Here are 14 expert tips to set you up for success with your Bridging the Gap virtual presentation:
1. Get the Lighting Right: As a presenter, it is essential that people can see you well. Make sure you have good front lighting—meaning the light shines brightly on your face. If your back is to a window, close the shades.
2. Choose the Right Background: Try to use a background that enhances your professional image and is aligned with your message. Avoid a cluttered background or anything that can be distracting. Your background can either add to your professional presence or detract from it.
3. Know the Technology: Nothing kills a presentation faster than a presenter who fumbles with the technology. This is a performance, so make sure you know how to make it work. A dry run is essential so that you’re comfortable with the platform features. Make sure you practice with the same technical set-up (computer and internet connection) that you will use when you deliver the presentation.
4. Play to the Camera: When you are the one speaking, look directly into your computer’s camera. This takes some practice, but it makes the viewer feel as if you are looking right at them. Put the camera at eye level. Try not to have your camera too far above or below you. If it’s too low, then you run the risk of creating a double chin. A camera too high makes it difficult to maintain eye contact, as you may find your gaze dropping as you speak. If you are part of a panel or a team of presenters, make sure you are aware of when your camera is on. If you are not speaking but your camera is on, make sure you look like you are paying attention! Powerful presenters understand the importance of making eye contact with their audience, so this means you have to simulate the same effect virtually.
5. Get Close (But Not Too Close): You want the camera to frame your face, neck, and shoulders. People are drawn to faces, so you don’t want to lose that connection by being too far away, but you also don’t want your face to take over the whole screen. Practice your positioning and distance.
6. Stand Up: If possible, use a standing desk or position your laptop so you can stand at eye level with your computer. Standing up provides a higher energy level and forces us to put our body in a more presentation-like mode. If you have to sit, lean forward as you would if you were presenting at a real meeting or as if you were a TV news anchor. Avoid slouching away from the camera, as that sends a signal that you are disconnected from the audience.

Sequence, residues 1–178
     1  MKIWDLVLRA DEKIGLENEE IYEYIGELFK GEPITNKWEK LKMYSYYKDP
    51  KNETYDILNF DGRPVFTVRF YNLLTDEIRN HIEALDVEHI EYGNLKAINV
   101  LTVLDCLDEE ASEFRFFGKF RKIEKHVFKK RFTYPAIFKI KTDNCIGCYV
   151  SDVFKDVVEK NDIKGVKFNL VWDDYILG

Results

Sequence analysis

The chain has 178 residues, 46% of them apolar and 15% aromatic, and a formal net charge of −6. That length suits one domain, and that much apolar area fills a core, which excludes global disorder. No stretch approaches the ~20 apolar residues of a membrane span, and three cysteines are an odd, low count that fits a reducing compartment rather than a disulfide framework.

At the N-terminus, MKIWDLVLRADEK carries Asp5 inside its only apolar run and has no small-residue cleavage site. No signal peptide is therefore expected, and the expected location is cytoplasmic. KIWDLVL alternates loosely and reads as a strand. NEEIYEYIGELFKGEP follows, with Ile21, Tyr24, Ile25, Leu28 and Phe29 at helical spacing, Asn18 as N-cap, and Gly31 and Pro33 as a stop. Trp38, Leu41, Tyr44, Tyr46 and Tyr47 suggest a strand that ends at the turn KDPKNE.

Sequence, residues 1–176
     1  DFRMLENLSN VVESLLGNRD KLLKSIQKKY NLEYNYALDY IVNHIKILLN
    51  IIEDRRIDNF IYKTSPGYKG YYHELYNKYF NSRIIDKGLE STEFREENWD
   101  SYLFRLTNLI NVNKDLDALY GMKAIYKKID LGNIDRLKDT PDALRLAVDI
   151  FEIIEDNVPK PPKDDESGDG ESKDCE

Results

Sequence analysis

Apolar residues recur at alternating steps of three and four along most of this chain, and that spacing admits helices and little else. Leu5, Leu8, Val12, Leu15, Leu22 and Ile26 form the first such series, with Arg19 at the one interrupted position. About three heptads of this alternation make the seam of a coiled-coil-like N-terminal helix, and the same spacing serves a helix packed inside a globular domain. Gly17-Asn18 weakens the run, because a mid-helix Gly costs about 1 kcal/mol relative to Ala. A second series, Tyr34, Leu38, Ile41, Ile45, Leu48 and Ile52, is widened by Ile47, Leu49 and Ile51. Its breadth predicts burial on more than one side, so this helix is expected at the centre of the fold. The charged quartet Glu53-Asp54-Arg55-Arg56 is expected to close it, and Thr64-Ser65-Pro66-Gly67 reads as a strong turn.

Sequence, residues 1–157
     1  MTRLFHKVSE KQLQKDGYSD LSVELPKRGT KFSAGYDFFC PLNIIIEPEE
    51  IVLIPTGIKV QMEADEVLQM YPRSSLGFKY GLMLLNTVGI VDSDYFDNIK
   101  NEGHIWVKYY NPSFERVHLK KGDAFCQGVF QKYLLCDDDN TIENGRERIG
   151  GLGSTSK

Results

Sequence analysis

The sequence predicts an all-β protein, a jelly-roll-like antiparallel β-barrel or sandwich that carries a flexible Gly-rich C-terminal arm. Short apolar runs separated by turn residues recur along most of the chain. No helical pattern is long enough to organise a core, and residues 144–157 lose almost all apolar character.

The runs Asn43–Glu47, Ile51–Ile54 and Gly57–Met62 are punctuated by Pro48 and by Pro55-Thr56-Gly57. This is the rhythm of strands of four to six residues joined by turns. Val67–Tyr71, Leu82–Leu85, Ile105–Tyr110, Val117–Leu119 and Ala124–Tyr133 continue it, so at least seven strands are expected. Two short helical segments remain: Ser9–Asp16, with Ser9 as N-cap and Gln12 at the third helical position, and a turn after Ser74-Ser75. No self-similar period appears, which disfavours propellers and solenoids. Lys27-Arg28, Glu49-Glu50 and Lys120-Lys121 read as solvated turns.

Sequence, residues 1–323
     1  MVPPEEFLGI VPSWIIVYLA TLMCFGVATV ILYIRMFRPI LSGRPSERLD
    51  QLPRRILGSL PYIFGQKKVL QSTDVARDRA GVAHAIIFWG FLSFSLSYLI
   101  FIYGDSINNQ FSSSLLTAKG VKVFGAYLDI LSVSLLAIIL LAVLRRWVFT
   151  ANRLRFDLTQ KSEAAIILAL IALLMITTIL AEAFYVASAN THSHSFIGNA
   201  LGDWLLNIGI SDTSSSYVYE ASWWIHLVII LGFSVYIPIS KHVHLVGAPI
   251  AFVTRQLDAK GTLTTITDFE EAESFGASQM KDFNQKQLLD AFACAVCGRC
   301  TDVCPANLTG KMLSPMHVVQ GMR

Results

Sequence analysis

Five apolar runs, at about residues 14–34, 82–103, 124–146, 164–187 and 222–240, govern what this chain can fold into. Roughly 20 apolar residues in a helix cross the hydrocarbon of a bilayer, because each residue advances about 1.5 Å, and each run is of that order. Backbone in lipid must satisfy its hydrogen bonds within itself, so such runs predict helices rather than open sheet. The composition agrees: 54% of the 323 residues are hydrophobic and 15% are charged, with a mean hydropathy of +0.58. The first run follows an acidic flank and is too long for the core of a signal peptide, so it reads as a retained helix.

7. Be Animated: Just like in a live presentation, you want to present with a little energy and animation. Too slow or too monotone in your voice makes it easy for folks to disengage and tune out. Keeping people engaged virtually requires you to actually be engaging.
8. Pace Yourself: Without real-time visual audience feedback cues, getting the pacing right can be difficult. Even though you want to infuse some animation and energy into your presentation don’t pump up the speed too much. If you tend to be a fast talker in real life, practice slowing down just a bit. If you’re a slow talker, you may want to speed up just a bit.
9. Do A Sound Check: If your sound is garbled, people will tune out. While people may forgive less than perfect video, if they can’t clearly hear you, they will leave. Practice by recording yourself using Zoom. Review the recording and make sure your sound emits clearly. Sometimes headphones or external microphones work better than the computer audio, sometimes not. Every platform is different, so make sure your sound quality is excellent every time. Again, you should practice with the same technical configurations and location that you will use for your presentation.
10. Incorporate Redundant Systems. If using slides, make sure someone else (another co-host) also has a copy of the slides just in case your internet goes out. If you are using slides, make them visually appealing. Use high-quality graphics and limit the amount of text on each slide. It’s your job as presenter to deliver the content. The slides are meant to enhance your spoken words, not replace them.
11. Evaluate and Enhance: If possible, record your session using Zoom and take the time to play it back and look for areas that worked well and areas that you might want to improve upon. Great presenters, whether virtual or in person, understand the value of continually honing their craft. Be sure to acknowledge your strengths as well as your areas of improvement.
12. Dress the Part: Wear solid colors (jewel tones), navy blue instead of black, and avoid stripes and wild patterns. You want the focus to be on your presentation not on what you are wearing.
13. Find a Quiet Place: Plan to host your presentation in a quiet setting and be sure to silence notifications on your devices so they do not interrupt the presentation.
14. Be Yourself and Have Fun: Again, just like in face-to-face presentations, audiences connect to authenticity, so be yourself! Let your personality show through. Have fun. If you look like you’re enjoying the presentation so will others. Research shows that happy people retain information better than bored or disinterested people, so model the energy that you want to create. The audience takes its cue from you.
Remember, whether you are presenting in-person or virtually, all presentations are performances. All performances are in service to your audience. Their time is valuable, so honor that time by delivering the best presentation you can. No matter what kind of presentation you are giving, you must find ways to create authentic audience connection, engagement, and value.